Retaining Talent Means Companies Consider Cryopreservation

Surrogate Mothers Chase the Emotions
January 21, 2016
ASRM Praises Senate for Acting to Lift Ban on VA Providing IVF Care to Wounded Veterans
May 19, 2016
Show all

Retaining Talent Means Companies Consider Cryopreservation

Companies looking to attract and retain talent have long offered incentives including bonuses, flex time and retirement plans. A new trend has companies offering support for family planning in the form of cryopreservation (or freezing) of female eggs.  The procedure can cost upwards of $10,000.

The idea is that by offering female employees a sense of security that pregnancy may be delayed until a future date, they can focus on their careers without having to compromise family goals. Female employees will no longer be compelled to choose between career and family.

The technology for cryopreserving eggs and sperm has advanced , but is not perfect.  An egg extracted from a female in her late 20’s and early 30’s – traditionally the primary years for career building – and frozen may tend to be a healthier specimen for In vitro fertilization (IVF) than a fresh egg of a woman in her 40’s, but there is still a risk the eggs may not survive the thaw process, fertilization process or develop into a normal blastocyst. Furthermore, there are no long term studies on children born from frozen eggs.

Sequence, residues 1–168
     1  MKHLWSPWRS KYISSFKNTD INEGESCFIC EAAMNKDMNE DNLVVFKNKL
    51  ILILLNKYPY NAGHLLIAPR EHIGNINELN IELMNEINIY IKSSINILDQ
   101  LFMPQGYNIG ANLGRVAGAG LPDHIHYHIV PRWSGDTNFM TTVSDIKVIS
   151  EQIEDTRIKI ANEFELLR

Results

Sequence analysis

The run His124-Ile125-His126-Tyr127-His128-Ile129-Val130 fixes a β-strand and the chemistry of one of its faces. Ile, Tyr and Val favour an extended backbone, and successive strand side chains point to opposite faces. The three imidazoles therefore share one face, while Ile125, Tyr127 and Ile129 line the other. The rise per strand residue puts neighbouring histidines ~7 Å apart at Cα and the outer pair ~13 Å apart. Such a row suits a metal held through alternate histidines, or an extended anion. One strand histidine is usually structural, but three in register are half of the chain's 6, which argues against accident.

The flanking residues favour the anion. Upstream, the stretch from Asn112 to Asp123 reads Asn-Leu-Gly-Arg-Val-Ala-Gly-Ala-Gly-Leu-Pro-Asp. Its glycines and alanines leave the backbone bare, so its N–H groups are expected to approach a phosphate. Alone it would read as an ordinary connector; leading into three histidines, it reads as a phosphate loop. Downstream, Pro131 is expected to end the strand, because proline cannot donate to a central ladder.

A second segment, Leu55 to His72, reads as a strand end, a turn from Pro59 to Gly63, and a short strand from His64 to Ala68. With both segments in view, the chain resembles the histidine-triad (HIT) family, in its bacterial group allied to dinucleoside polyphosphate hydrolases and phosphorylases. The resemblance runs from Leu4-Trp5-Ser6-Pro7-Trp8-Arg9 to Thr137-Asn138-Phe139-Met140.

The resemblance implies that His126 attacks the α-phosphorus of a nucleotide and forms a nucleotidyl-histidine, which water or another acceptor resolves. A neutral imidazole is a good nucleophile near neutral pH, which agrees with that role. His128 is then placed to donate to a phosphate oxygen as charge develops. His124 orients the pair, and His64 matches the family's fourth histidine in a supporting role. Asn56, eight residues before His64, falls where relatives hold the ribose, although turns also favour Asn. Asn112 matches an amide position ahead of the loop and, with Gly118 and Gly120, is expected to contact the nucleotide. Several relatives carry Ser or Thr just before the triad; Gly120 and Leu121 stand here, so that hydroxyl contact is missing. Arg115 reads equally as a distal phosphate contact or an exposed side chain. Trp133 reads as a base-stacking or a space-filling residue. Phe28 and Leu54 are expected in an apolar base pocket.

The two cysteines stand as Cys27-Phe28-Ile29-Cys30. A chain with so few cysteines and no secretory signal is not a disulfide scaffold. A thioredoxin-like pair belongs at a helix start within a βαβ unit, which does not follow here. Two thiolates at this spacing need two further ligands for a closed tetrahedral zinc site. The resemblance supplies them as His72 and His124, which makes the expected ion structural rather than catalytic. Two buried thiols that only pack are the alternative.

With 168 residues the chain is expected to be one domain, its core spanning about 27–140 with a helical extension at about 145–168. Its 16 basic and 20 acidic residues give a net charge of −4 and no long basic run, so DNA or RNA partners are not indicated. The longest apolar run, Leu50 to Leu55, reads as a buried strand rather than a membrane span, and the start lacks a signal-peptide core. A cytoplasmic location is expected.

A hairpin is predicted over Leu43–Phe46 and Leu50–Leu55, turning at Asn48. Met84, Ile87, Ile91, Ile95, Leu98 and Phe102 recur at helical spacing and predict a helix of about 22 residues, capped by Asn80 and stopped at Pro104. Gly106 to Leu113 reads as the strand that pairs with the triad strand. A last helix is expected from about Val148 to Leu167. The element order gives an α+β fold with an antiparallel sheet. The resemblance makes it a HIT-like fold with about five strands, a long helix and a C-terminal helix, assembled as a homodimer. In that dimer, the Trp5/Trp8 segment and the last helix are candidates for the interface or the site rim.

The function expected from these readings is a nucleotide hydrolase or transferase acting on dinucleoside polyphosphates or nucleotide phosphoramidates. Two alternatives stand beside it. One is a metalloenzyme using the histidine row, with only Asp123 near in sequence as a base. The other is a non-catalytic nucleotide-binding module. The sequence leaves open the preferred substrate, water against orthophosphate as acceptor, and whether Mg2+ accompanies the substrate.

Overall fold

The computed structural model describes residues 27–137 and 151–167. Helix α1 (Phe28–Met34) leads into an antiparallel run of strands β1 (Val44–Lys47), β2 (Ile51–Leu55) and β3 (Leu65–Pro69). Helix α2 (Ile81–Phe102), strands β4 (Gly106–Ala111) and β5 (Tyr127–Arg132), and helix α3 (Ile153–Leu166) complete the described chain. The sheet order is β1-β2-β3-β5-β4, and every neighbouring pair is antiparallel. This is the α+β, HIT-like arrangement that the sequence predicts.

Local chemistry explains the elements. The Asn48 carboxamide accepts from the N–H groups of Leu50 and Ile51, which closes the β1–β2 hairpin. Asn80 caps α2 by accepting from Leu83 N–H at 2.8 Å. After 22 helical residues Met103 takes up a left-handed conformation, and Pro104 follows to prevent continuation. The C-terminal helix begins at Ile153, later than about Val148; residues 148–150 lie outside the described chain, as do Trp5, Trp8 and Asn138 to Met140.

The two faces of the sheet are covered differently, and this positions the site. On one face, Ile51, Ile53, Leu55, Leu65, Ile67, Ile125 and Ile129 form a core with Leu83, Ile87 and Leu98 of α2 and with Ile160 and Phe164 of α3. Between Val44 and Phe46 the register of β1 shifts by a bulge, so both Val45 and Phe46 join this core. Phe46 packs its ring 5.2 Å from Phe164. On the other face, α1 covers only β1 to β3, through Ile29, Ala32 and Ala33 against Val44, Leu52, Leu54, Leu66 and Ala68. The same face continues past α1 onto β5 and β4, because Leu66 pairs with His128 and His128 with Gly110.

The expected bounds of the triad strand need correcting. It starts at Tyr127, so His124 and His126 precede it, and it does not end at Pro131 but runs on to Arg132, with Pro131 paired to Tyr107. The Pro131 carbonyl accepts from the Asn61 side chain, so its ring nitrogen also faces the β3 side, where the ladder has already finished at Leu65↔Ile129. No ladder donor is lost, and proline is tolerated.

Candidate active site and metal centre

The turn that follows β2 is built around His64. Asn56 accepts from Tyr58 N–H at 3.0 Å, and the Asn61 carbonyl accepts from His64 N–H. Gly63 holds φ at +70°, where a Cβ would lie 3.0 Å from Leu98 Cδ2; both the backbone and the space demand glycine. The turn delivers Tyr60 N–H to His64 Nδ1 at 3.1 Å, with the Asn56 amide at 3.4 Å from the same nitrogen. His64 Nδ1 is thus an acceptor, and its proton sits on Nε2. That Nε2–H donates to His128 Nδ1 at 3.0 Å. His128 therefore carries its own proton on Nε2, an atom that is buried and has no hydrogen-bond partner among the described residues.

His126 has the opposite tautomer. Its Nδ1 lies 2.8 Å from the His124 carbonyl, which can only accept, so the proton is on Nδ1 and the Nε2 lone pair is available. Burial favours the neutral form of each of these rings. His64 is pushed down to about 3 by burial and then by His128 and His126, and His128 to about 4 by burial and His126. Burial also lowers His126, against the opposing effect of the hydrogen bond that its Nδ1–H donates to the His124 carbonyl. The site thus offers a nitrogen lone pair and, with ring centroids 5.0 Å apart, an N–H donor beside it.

Which companies are offering cryopreservation?

Not surprising, Silicon Valley is leading the way in including egg freezing as an employee benefit. Companies including Apple, Facebook and Google are famous for their “campus” environment where the employees’ every need is anticipated in order to minimize distractions and drive productivity. Family planning seems a natural extension of this goal.

However, one company that surpasses all the tech giants in its number of employees also plans to offer this benefit.  The Pentagon is launching a pilot program that will pay for troops to have their reproductive cells preserved as a way to help the U.S. Military retain talent.  Women who reach 10 years of service – what Defense Secretary Ashton B. Carter called “their peak years for starting a family” – have a retention rate that is 30 percent lower than their male counterparts.  In the case of the Pentagon, cryopreservation of both female eggs and male sperm also provides a peace of mind for those in uniform that battlefield injuries to reproductive organs will not harm their chances of having children.

 

Learn more about CACRM’s cryopreservation services.